P460 Effect of fertility treatment on inflammatory bowel disease outcomes
M. Bejaoui*, C. Landman, J. Kirchgesner, A. Bourrier, I. Nion-Larmurier, H. Sokol, L. Beaugerie, J. Cosnes, P. Seksik
Saint Antoine Hospital, Gastroenterology & Nutrition, Paris, France
Inflammatory bowel disease (IBD) has been shown to have a deleterious effect on women fertility. However, little is known about the effects of fertility treatment on IBD course in women of childbearing age. The aim of our study was to investigate the effect of fertility treatments on IBD outcomes.
From the MICISTA registry, a database from Saint-Antoine Hospital, we identified all the women with IBD who underwent ovarian stimulation or medically assisted procreation between 1996 and 2014 (Infertility Group). Women in which fertility treatment preceded IBD diagnosis and those lost to follow-up within 1 year were excluded. Specific data on fertility were collected through a questionnaire using phone call interviews. The control group was composed of women without fertility treatment and matched for sex, date of birth, calendar year of IBD diagnosis, and regularity of follow-up in a 3:1 ratio. Results were compared between these 2 groups and within the infertility group between 3 periods: the year of the fertility management and the previous and the following ones.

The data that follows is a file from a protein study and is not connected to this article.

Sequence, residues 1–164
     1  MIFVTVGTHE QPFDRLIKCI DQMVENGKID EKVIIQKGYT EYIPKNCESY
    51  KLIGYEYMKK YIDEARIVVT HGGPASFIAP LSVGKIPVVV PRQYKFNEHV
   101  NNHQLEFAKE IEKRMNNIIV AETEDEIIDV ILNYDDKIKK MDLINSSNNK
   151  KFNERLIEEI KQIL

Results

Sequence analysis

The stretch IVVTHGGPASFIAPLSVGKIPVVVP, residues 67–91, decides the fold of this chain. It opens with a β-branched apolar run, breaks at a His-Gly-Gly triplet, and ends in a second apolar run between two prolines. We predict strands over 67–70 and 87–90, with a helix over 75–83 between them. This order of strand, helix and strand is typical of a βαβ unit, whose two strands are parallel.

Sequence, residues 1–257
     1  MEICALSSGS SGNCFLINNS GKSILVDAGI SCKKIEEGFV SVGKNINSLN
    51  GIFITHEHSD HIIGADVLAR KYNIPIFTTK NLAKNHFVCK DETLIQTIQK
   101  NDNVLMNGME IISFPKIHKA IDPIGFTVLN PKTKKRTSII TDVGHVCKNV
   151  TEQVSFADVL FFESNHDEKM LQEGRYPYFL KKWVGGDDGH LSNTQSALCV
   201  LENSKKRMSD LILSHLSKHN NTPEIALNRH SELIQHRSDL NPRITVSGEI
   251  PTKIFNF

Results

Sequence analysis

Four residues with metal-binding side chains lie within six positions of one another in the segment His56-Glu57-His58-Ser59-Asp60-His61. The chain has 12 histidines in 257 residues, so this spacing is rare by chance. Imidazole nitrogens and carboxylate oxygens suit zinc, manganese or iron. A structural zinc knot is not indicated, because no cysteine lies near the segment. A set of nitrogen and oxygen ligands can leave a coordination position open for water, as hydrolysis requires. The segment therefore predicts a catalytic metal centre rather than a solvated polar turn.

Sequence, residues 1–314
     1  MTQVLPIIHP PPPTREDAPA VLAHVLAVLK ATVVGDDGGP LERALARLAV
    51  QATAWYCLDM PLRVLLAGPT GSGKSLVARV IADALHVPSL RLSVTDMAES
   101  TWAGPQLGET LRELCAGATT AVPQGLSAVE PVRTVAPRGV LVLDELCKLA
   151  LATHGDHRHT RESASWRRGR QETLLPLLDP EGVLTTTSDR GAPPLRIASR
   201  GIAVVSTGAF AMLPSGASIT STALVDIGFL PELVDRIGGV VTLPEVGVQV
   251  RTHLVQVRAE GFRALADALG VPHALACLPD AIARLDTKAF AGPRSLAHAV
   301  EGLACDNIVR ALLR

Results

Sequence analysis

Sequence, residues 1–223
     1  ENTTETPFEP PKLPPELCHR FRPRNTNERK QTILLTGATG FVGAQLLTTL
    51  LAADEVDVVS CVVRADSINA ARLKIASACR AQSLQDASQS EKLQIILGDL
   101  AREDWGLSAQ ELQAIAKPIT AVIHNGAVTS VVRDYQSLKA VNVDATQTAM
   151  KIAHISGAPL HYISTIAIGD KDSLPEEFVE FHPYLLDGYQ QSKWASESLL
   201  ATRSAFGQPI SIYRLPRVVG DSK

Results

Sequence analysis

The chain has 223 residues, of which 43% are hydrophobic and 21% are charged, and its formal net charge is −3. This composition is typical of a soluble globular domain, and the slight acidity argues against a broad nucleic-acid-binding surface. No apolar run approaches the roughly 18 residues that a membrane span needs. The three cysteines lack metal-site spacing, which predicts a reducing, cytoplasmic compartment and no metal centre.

In total, 35 cases were matched to 105 controls. There were no significant differences between the groups with respect to demographic data, family history of IBD, prior appendectomy, and smoker status. IBD clinical and therapeutic features such as duration of the disease, location and behaviour, perianal lesions in CD, extra-digestives symptoms, immunosuppressants intake, and surgery were also similar in both groups. Infertility was primary in 91.4 % of the cases. All women underwent hormone tests associated with either pelvic sonography, hysteroscopy, or exploratory laparoscopy. Ovarian dysfunction was involved in 20.0% of patients; uterine factor in 8.6%; and adnexal defect in 11.4%. Further, 7 women underwent exclusive ovarian stimulation, and 28 experienced in-vitro fertilisation (IVF) with a mean of 2.1 IVF attempts per patient (range 1–7). Live births rate was 40.0%. The proportion of IBD women with active disease in the year of infertility management was significantly higher in the ‘infertility’ group when compared with controls (71.4% vs 37.1% respectively, p = 0.001). However, there were no significant differences between the 2 groups regarding hospitalisation rate (17.1% vs 10.5%) and intestinal surgery (2.9% vs 2.9%) in the year of fertility treatment. In addition, there was no significant difference in IBD activity between the 2 groups when considering the year before and after fertility management.
Our work suggests that fertility management in IBD women is associated with worsening of digestive symptoms during the fertility management period. The effect of hormone stimulation on disease activity needs to be explored and risk of flare should be anticipated.